Brooklyn-based polymath Robby Kraft currently teaches coding to artists and designers at Parsons and the School for Poetic Computation, but his love for the connected worlds of art and math began at a young age; he started folding origami in elementary school. More recently, Kraft was introduced to the algorithmic aspects of origami. Around 2013, he began to learn more through Erik Demaine’s origami lectures at MIT, and Robert Lang’s books. In addition to folding increasingly intricate works designed by others in the origami community, about two years ago Kraft started using algorithmic code to design new origami patterns.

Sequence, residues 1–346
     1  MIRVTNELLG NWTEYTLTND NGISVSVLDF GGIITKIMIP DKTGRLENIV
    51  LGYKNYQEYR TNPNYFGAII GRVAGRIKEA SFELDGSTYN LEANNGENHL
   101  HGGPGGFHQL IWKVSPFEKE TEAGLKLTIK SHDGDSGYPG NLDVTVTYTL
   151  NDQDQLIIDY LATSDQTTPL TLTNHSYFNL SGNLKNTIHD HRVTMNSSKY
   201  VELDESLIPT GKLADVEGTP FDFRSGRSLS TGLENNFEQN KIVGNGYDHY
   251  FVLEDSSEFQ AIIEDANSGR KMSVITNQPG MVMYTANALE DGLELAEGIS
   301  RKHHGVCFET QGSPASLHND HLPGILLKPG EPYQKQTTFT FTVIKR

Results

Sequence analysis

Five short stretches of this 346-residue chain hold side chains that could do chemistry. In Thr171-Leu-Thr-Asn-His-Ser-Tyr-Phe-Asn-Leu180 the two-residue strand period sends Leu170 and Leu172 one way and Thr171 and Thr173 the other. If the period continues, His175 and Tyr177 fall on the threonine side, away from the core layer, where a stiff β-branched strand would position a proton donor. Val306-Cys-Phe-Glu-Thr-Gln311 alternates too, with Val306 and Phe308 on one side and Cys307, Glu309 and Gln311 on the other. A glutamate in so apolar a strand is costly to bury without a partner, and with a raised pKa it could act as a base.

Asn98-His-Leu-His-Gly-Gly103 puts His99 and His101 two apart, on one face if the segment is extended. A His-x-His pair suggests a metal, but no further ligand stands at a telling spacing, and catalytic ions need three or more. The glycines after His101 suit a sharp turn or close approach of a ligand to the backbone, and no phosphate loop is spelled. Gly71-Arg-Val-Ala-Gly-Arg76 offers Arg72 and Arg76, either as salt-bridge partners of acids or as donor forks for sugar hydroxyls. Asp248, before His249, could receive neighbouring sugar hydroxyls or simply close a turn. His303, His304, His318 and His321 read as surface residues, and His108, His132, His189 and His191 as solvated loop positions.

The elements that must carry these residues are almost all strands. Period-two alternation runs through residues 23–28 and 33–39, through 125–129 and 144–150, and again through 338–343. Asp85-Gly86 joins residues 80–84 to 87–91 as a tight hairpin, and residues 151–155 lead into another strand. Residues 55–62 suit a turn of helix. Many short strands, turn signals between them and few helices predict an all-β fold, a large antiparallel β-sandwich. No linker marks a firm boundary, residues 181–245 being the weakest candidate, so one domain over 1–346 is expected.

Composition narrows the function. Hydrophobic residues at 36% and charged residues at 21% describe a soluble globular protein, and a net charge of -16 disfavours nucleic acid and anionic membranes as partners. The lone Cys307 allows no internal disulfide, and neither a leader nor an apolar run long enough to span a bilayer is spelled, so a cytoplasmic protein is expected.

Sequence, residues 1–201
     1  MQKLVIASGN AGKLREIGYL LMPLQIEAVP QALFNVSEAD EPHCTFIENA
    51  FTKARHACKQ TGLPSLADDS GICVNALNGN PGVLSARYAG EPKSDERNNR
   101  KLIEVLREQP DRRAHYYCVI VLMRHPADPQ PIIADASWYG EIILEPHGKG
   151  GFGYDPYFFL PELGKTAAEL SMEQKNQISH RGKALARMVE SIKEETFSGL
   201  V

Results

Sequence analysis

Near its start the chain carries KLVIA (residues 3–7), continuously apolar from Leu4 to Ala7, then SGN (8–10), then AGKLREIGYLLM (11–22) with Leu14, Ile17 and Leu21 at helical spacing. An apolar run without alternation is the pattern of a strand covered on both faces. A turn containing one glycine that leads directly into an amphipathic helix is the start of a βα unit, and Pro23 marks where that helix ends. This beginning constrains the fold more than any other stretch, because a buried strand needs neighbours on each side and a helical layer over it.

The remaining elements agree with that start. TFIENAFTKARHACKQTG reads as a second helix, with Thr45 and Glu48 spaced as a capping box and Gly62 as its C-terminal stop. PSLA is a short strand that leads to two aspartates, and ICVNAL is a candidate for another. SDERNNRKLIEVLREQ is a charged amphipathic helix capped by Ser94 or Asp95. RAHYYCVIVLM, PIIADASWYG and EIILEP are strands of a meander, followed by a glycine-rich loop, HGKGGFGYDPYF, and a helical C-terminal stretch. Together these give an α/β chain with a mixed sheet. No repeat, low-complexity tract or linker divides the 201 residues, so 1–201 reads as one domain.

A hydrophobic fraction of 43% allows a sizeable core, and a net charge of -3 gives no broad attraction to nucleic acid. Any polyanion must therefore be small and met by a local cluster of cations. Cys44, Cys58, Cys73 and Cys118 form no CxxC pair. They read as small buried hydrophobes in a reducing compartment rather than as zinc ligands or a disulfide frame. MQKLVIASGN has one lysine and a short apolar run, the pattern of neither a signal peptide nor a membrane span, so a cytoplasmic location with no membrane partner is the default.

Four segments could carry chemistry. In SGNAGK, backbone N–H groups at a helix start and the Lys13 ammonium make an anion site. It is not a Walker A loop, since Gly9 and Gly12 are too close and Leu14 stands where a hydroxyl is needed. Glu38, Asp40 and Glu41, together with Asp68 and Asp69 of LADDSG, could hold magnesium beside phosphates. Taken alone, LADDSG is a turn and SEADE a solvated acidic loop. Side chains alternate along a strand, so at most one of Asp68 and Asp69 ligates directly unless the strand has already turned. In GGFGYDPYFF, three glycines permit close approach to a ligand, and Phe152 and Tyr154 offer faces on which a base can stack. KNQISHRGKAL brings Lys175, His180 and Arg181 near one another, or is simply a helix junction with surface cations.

Kraft is also a classical musician, and describes the similarity between sheet music and origami: “the crease pattern and diagrams are instructions on a mathematically flat 2D manifold, impossible in the real world, so to fold an origami is to capture it into the real world and add imperfections.” Kraft is working on releasing the code he created to the public, and he shares with Colossal that in the future he hopes to publish a book on origami design. You can follow his work on Instagram and Twitter.
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